When I was in second grade, one of the boys in my class told me I was fat because girls have to have babies. That was the first time I ever felt embarrassed or discouraged about my body. I was bigger than everyone I grew up with-a little taller, a little rounder, and it bothered me. I had very little understanding about nutrition or exercise or weight, so I just assumed that that’s the way I was, and I accepted that.
As I grew older, my weight steadily increased. I was unhappy with the way I looked but felt helpless and powerless to change. I didn’t understand how to be healthy, or what healthy habits really were.
The summer after my junior year, I had knee surgery on both of my knees at the same time. The doctor explained it would be a couple weeks before I could walk at all, even just to get up to go to the bathroom. That meant bathroom trips were always assisted by other people. I slept on the couch on the main floor of the house, and my siblings were always happy to run and get me food. I got a little bit depressed. I couldn’t leave the house. There was nothing to do but eat and sleep and watch tv. I figured that I’d probably gain weight anyway and I could “Fix it” the next year.
Starting out my senior year, I weighed in at 220 pounds. It blew my mind how my weight had crept up on me. I was really ashamed of myself.
I tried lots of things senior year. I learned that there are lots of ways to “lose weight”. I went on the “just vegetables” diet. I avoided proteins and fats because proteins help your muscles grow (didn’t want any more bulkiness going on) and fats are high calorie. I avoided dairy because I heard that too much dairy could clog up your digestive system, and I wanted to make sure there was nothing preventing me from losing weight. Then my brother pointed out that I was lowering my metabolism by not eating enough, so that would make me gain weight eventually. So I switched to eating 12 almonds in the morning and then not eating anything till dinner that night. My dinner would be a sandwich, or a candy bar, or a serving of whatever my mom put on the table. I’d snack on Altoids throughout the day so I felt like I was chewing something. I went through a pack of Altoids a day. I got down to 175 in 3 months with my “Diet” and my friends complimented me all the time on how good I was looking and how I had such great self control. The Altoids and the compliments fueled me. But when I was by myself, I felt fatigued and sick and tired.
One day at my after school job, I felt so tired that I just sat down on the floor in the corner. One of my coworkers stopped by and said “There is something seriously wrong with you. I don’t know what it is. But you’re not okay.” I decided I needed to change my relationship with food and be okay with eating again. As a family, we went out to breakfast for my brother, and I ordered a big cheesy omelette to prove to myself that I could eat and still be okay.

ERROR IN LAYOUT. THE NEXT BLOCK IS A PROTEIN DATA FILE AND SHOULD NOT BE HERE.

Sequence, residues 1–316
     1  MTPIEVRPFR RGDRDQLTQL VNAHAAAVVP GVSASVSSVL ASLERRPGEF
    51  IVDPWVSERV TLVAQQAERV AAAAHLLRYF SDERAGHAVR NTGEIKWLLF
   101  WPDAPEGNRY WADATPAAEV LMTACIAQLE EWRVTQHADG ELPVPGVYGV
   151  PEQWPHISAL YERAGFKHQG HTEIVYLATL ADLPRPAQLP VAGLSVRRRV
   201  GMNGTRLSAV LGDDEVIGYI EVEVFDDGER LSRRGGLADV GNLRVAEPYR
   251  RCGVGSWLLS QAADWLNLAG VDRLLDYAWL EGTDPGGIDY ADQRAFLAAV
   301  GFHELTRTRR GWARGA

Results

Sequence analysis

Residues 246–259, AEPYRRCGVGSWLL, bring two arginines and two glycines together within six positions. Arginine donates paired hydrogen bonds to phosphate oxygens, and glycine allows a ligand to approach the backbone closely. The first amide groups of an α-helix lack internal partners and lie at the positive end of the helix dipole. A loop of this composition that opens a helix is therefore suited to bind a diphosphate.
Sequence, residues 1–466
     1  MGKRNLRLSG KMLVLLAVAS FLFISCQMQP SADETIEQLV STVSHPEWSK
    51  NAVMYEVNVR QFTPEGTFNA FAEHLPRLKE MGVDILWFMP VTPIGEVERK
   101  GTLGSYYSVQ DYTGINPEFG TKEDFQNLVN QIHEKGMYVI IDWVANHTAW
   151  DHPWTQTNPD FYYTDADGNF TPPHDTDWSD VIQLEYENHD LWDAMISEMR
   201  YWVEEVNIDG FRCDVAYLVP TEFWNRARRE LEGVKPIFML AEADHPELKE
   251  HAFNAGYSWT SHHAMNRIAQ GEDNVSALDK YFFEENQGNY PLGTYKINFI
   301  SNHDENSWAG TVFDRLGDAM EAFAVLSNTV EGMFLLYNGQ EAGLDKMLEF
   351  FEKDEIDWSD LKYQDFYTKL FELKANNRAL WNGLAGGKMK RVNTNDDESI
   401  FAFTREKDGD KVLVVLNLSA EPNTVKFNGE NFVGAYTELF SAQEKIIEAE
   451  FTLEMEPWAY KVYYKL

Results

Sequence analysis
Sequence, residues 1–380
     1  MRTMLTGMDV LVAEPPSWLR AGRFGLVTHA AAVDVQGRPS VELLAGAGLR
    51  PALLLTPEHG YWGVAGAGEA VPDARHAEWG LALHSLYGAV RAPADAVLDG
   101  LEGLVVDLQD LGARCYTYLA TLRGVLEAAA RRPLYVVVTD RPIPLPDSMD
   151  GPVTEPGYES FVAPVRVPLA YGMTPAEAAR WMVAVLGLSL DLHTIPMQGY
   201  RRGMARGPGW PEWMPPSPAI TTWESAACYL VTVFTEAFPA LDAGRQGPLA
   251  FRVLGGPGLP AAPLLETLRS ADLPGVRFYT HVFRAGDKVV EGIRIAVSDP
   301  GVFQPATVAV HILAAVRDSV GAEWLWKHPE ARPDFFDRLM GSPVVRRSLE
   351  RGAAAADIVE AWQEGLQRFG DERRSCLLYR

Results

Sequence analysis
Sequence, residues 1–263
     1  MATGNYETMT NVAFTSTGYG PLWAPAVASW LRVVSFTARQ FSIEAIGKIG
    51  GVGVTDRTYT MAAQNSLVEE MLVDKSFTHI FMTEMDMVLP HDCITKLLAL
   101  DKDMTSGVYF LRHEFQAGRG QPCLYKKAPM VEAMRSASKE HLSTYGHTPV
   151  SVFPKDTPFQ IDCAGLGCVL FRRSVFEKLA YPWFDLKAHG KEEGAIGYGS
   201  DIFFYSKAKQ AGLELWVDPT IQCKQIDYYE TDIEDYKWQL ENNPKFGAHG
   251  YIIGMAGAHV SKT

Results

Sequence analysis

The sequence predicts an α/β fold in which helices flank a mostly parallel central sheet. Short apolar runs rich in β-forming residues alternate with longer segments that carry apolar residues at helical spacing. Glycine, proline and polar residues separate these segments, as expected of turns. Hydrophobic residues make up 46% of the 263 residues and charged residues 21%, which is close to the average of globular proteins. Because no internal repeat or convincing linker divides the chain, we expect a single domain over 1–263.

I downed that omelette in record time. It tasted amazing. But moments later, I was in agonizing pain. My stomach hurt incredibly bad. Bad enough that my mom took me to the doctor later that day. I described my symptoms to the doctor and she asked me about my eating habits. The doctor said that by cutting out entire food groups like that, my body had sort of forgotten how to digest food. My digestive system just wasn’t used to having so much work to do and was overwhelmed by what I had done. I felt so discouraged. When I don’t eat? Tired and sick. When I do eat serious pain. Either way, I wasn’t getting anywhere and couldn’t figure out how I could make it right.
That feeling of discouragement and desperation is common. I was ready and willing to try any quick fix or pill. I craved change, but the habits I was trying to build were either too many all at once or ones that were not realistically sustainable.
I started working out with a personal trainer one time a week. That meant that once a week for 30 minutes, I knew I was getting a solid workout. But I also talked with my trainer about nutrition. She had me keep a food journal for 3 days and then she went over it with me. She told me which things I needed more of, which things I needed less of. She gave me target portion sizes and a sample eating schedule. I did everything exactly how she told me to do it, and it started to work. The weight came off (more slowly, of course) but it was working. I would lift weights with her once a week, and then come in and do cardio on the other days.
I got a new trainer. He was awesome. He brought out the competitive side of me with our workouts. He pointed out and highlighted when he saw improvements in me. He told me that he’d been bragging about me. I tried my best to follow his prescribed exercise program and when I did, I felt awesome. I felt strong. I followed the meal plan set by the earlier trainer and tried to always go above and beyond with the exercise. I was hooked. I loved changing my body.